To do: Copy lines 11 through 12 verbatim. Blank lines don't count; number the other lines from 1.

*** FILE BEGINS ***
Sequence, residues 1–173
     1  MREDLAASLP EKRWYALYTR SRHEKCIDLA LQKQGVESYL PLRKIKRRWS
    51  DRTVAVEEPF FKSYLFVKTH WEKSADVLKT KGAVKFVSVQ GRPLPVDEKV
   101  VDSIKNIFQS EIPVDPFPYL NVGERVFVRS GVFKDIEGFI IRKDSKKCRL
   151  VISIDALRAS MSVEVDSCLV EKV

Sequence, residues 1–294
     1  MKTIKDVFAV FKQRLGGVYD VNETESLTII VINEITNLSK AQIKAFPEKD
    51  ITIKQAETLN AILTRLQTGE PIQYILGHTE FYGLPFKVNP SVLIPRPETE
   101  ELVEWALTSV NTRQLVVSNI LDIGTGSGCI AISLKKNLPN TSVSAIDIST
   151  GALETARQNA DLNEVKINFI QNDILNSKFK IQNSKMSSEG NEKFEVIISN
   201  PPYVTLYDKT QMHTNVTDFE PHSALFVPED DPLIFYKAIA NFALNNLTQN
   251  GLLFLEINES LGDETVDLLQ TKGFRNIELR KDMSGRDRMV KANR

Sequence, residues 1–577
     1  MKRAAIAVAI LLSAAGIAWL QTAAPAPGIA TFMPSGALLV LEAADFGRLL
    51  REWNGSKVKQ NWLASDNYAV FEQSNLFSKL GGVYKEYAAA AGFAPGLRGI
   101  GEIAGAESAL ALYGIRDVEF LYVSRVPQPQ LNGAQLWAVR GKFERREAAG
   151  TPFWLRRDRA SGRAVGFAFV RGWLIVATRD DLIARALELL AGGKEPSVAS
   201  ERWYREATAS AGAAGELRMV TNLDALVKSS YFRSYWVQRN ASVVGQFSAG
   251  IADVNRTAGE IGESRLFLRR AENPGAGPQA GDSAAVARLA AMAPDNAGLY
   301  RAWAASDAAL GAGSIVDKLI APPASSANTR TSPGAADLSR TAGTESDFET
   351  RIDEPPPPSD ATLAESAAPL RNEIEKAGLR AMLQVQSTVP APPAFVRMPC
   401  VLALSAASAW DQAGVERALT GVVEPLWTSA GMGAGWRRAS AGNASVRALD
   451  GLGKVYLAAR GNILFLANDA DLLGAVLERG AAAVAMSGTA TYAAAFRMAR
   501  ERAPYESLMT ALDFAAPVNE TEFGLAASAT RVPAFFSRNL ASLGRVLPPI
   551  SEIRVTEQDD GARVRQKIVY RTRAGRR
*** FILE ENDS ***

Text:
   201  PPYVTLYDKT QMHTNVTDFE PHSALFVPED DPLIFYKAIA NFALNNLTQN
   251  GLLFLEINES LGDETVDLLQ TKGFRNIELR KDMSGRDRMV KANR